I am in need of a high voltage supply, capable of 15mA at around 200V for a valve/tube preamp. This supply has to be low noise and any switching noise kept out of the audio band.

The incoming voltage is 24V.

After a little time, I decided to try a boost converter circuit, the switching done with a 80kHz PWM signal from an Arduino, trying at low voltages for testing.

My first attempt at controlling the voltage via feedback was to simply switch on the PWM signal if the voltage fell below the threshold, and off if was above. This resulted in unacceptable ripple and audible noise on the output.

The second attempt was to vary the duty cycle. This was much better, but I wondered if I could do better with a more simple and more 'analog' way of implementing feedback.

This is what I came up with:

boost_fb1 Falstad Simulator Link

This seemed to work quite well and noise was kept to a minimum. Best of all, it's super simple!

The only thing I don't like is it only takes 600mv(ish) to start attenuating the signal, meaning a large voltage divider.

I know I could get lots of different ICs to do this for me, but I prefer a challenge and designing my own gives better control and flexibility.

Is this a good approach? If so, why do we not see this more often?

Any improvements?

  • 2
    \$\begingroup\$ How much power is dissipated in the switching transistor with this feedback model? I'd expect it to be pretty inefficient. \$\endgroup\$
    – Klas-Kenny
    Jan 31 at 18:02
  • \$\begingroup\$ 5.4mA peak. I kept the collector resistor low, as to have plenty of current to drive the mosfets gate capacitance. I would probably go with a driver IC for the final design. \$\endgroup\$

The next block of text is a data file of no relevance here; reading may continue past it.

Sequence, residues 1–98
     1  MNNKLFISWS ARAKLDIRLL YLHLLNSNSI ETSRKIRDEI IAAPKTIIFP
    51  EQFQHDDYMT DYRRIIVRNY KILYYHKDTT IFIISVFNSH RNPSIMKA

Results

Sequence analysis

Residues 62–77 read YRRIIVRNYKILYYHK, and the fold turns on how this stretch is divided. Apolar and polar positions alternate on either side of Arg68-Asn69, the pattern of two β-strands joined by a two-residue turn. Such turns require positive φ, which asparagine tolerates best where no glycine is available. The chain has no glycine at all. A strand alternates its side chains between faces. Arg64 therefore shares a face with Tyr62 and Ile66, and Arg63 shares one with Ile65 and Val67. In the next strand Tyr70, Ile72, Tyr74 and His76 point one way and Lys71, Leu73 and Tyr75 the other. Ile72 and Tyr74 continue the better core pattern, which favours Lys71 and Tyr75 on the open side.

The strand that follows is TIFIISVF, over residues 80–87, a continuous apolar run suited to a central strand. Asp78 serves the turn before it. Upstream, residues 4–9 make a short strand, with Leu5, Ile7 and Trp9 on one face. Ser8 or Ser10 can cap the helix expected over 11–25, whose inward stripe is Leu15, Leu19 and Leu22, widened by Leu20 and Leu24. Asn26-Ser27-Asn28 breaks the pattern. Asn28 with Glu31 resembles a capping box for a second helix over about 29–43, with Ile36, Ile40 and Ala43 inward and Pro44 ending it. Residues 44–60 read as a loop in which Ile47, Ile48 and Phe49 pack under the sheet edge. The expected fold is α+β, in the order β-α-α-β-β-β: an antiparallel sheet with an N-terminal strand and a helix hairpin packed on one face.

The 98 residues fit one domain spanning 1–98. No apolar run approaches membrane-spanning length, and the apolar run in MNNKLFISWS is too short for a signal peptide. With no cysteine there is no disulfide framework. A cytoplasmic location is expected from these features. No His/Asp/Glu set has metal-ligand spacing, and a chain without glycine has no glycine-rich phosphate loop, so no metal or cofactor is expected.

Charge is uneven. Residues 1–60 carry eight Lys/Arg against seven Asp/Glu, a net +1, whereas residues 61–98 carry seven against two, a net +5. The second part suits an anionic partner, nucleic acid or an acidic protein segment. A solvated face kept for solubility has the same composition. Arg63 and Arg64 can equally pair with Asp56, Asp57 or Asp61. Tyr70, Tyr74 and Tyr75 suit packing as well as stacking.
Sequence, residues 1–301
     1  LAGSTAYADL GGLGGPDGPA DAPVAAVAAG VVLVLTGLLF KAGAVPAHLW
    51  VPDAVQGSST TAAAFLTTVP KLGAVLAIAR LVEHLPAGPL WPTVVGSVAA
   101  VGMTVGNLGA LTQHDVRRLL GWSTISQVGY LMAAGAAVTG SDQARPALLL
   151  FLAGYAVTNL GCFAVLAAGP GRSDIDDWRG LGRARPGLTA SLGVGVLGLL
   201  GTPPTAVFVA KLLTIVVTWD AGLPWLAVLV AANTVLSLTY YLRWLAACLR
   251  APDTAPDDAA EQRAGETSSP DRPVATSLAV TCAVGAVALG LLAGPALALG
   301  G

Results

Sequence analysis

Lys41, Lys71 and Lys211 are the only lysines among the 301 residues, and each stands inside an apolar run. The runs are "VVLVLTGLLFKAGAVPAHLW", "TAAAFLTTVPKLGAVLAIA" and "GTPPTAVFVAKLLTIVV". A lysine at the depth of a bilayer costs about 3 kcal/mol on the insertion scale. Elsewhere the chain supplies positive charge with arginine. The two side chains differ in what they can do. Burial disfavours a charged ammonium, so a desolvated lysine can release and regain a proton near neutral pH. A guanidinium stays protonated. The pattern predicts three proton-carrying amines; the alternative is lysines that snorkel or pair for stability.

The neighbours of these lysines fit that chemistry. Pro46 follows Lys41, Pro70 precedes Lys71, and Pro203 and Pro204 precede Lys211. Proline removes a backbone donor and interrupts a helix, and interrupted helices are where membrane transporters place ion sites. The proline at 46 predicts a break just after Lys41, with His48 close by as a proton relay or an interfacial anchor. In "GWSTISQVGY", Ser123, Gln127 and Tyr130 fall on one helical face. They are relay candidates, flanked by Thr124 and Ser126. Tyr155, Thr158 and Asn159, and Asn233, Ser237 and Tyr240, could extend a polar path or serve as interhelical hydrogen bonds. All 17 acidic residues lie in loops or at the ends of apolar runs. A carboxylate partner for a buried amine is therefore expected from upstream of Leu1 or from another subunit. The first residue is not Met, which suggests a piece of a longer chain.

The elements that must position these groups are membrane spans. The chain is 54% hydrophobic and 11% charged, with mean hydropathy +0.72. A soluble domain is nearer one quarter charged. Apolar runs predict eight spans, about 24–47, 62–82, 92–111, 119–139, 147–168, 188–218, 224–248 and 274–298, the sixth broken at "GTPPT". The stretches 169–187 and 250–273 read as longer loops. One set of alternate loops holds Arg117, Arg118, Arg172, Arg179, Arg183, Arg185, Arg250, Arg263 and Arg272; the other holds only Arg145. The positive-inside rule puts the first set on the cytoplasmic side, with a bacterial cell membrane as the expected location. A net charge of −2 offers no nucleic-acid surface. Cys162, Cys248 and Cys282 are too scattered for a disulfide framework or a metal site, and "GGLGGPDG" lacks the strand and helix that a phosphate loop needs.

– G Frank
    Jan 31 at 18:07
  • 1
    \$\begingroup\$ I think Klas-Kenny is worried that when the feedback transistors starts conducting, the mosfet will be switched less efficiently (be operated in its linear region instead of in saturation) \$\endgroup\$ Jan 31 at 18:16
  • 3
    \$\begingroup\$ My point is that the feedback works by not allowing enough gate voltage to fully open the MOSFET. What you have created is basically some hybrid switching/linear regulator. How would you connect the feedback if using a proper gate driver? \$\endgroup\$
    – Klas-Kenny
    Jan 31 at 18:16
  • \$\begingroup\$ I would start by removing the bjt on the left and the 2.2k resistor. then adding a resistor (maybe 220ohm) in series with the mosfets gate. efficiency isn't to much of a concern. as long as it's half reasonable. highest priority is keeping the output as ripple free as possible and any noise kept out of the audio band. \$\endgroup\$
    – G Frank
    Jan 31 at 18:22

1 Answer 1


On the face of it your circuit will run the mosfet hot due to analog burning and VBE of a transistor is not a temp stable reference .But your circuit is simple so lets try to make it workable Remember that valve preamps when running draw pretty constant current due to class A operation and also remember that they ran off 50Hz rectified DC that followed the mains volts .In other words the line regulation and the load regulation are not very important for your job.If the valves were cold and therefore there was no load you need something to limit the V out of your boost convertor .You could set up your regulation to come in at an abnormally high output volts so you are protected but not burning power .Then you could reduce your digital pwm to get the correct output volts for your tube preamp .


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